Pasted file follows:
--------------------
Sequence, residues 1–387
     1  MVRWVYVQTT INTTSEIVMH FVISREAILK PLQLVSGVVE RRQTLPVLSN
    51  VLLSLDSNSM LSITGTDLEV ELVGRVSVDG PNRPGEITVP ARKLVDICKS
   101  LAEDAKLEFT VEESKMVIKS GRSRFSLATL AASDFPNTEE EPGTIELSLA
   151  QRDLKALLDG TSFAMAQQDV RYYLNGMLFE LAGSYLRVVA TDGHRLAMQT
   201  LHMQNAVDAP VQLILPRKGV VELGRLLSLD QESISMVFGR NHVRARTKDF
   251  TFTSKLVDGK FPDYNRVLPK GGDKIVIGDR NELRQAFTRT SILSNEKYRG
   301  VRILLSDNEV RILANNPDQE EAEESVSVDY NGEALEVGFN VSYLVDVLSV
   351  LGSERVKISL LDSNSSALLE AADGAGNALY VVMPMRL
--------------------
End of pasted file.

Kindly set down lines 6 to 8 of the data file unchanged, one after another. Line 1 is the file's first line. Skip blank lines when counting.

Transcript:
   201  LHMQNAVDAP VQLILPRKGV VELGRLLSLD QESISMVFGR NHVRARTKDF
   251  TFTSKLVDGK FPDYNRVLPK GGDKIVIGDR NELRQAFTRT SILSNEKYRG
   301  VRILLSDNEV RILANNPDQE EAEESVSVDY NGEALEVGFN VSYLVDVLSV